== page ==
First Posted: 12/8/2014
DALLAS — Gate of Heaven Church welcomed Mr. and Mrs. Santa Claus as they made their way through the crowd assembled for the annual Gingerbread Contest and Christmas Festival. Santa took time to greet young and old attendees with a smile or a hug, eventually settling in a chair decorated for the season.
John “Whitey” and Bette Gillespie who stepped into the role of the merry couple did so with kindness and enthusiasm.
“Whitey planned out the whole event,” said Carol Yezilski, an event coordinator. “He wanted his arrival to be a surprise to add to the authenticity of the characters and the excitement of the children.”
The couple, pillars of the church and community, together volunteer for worthy causes throughout the Dallas area.
“It is a privilege to know them,” said Yezilski.
Reese Yanik, 2 ½, and his 9-month-old brother, Chris, made their way to Santa’s lap with a great deal of anticipation and enthusiasm.
The first item on Reese’s list was a Barney playhouse which Santa made note of as he provided her a piece of candy and a big smile.
Parents Chris and Amber said the event provided an opportunity to share quality holiday time while grabbing a bite to eat and participating in the fun activities provided.
Following her visit with Santa, Reese and her mom made their way into a life size gingerbread house which evoked smiles and laughter from both.
The fun-detailed structures were crafted from cardboard by event coordinator Kathy Selner and provided for proud parents to snap a colorful photo of happy children perfect for Christmas cards.
A favorite of young and old attendees was the chance to dress up as nativity scene characters, including Mary, Joseph, a shepherd, an angel, a drummer boy and even a donkey within a stable. It was an opportunity for great photos and for reflection on the Bible story.
“Last year, it was definitely a favorite,” said volunteer Michael Parmelee, 15.
For those feeling creative, a craft table was set up providing supplies and instruction for creating colorful Christmas cards and paper snowflakes.
Melanie Selner, 10, assisted participants in the art of snowflake making, carefully folding white paper with no two, of course, being alike.
Youngsters were able to direct their Christmas cards to a local nursing home or to Father Edward Scott.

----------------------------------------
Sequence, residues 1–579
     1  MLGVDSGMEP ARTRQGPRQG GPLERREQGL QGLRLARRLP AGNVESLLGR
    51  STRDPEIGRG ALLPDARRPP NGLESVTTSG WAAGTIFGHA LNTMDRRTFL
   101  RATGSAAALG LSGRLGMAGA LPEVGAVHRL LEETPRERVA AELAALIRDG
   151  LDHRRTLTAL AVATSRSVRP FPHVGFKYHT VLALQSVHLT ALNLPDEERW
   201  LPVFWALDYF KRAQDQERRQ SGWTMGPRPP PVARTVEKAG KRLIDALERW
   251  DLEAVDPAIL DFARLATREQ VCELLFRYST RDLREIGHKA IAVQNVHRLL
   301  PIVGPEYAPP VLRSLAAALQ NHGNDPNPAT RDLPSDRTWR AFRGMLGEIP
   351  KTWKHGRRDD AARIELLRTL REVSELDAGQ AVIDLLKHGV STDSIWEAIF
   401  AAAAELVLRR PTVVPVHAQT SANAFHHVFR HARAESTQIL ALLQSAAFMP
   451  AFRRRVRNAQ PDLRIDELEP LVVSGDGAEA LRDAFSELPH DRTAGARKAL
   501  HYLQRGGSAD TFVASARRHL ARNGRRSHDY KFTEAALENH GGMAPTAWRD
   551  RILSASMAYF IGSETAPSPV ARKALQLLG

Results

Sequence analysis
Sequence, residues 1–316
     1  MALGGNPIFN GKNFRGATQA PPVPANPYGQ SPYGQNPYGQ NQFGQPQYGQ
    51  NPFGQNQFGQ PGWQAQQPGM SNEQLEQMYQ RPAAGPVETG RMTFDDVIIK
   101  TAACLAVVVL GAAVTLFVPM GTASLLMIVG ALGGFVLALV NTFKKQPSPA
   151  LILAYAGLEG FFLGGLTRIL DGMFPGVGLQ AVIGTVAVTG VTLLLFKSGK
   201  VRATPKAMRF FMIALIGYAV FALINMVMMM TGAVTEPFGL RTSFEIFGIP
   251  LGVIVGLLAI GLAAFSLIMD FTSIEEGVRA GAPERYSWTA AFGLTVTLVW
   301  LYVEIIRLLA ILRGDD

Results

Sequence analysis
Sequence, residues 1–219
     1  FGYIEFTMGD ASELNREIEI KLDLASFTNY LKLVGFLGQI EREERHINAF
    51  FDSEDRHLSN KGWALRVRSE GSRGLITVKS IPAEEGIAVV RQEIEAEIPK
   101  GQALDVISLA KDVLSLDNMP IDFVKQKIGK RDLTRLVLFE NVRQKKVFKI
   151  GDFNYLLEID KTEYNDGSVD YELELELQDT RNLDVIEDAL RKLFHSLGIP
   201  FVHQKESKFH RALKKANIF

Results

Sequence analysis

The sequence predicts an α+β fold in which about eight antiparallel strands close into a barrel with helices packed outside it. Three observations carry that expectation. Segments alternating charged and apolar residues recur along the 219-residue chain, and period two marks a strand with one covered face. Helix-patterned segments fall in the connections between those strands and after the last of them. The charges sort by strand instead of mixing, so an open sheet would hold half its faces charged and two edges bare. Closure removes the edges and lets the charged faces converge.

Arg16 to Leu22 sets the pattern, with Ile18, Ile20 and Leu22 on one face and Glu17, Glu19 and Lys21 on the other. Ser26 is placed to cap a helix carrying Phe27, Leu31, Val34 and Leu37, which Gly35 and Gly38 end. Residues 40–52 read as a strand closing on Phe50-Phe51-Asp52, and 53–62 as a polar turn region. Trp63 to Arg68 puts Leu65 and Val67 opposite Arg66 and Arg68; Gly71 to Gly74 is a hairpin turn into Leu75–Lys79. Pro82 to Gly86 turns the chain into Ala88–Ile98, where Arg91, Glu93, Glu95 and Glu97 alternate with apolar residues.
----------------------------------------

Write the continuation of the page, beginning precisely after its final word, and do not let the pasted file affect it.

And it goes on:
Coordinator Barbara Michaels said the event, which was open to the public, combined the spiritual and the secular.
“Father (Daniel) Toomey is all about bringing the community together and celebrating the holidays,” she said.
Food was also available at a nominal cost for those who arrived hungry. Chicken noodle soup, “whimpies” and homemade desserts were shared over a cup of coffee or hot chocolate as participants took a moment to unwind.
Raffle tickets were available at the door and attendees could also enter the “guess the number of chocolate kisses” in a glass jar filled with the yummy treats.
Eighth-grader Grace Aiello joined the church’s youth group choir in renditions of “The Twelve Days of Christmas” and “We Need a Little Christmas.”
“It’s a good event for people who want to socialize, get something to eat and listen to holiday music,” said Aiello. “It is a good afternoon.”
Wyoming Seminary’s bell choir also performed at the event, which Carol Carroll, of Dallas, called “a fabulous addition” to the day’s activities.
The centerpiece of the event was the Gingerbread House Contestant, with rows of carefully-constructed sweet structures drawing the attention of festival-goers. Participants in the contest could enter in several different categories, including family, individual, scout and school groups and professional. Entries were categorized as “kit” or “non-kit.”
The gingerbread contest’s “People’s Choice Award” was the most coveted and allowed attendees to pick their absolute favorite from any category. The award, as voted by the public, was won by the Contardi family, of Dallas.
In choosing, participants noted detailed candy work on roofs, themed houses and originality.
Michaels looks forward to continuing the event in the future, crediting volunteers, young and old, decked in special yellow T-shirts, with making its success possible.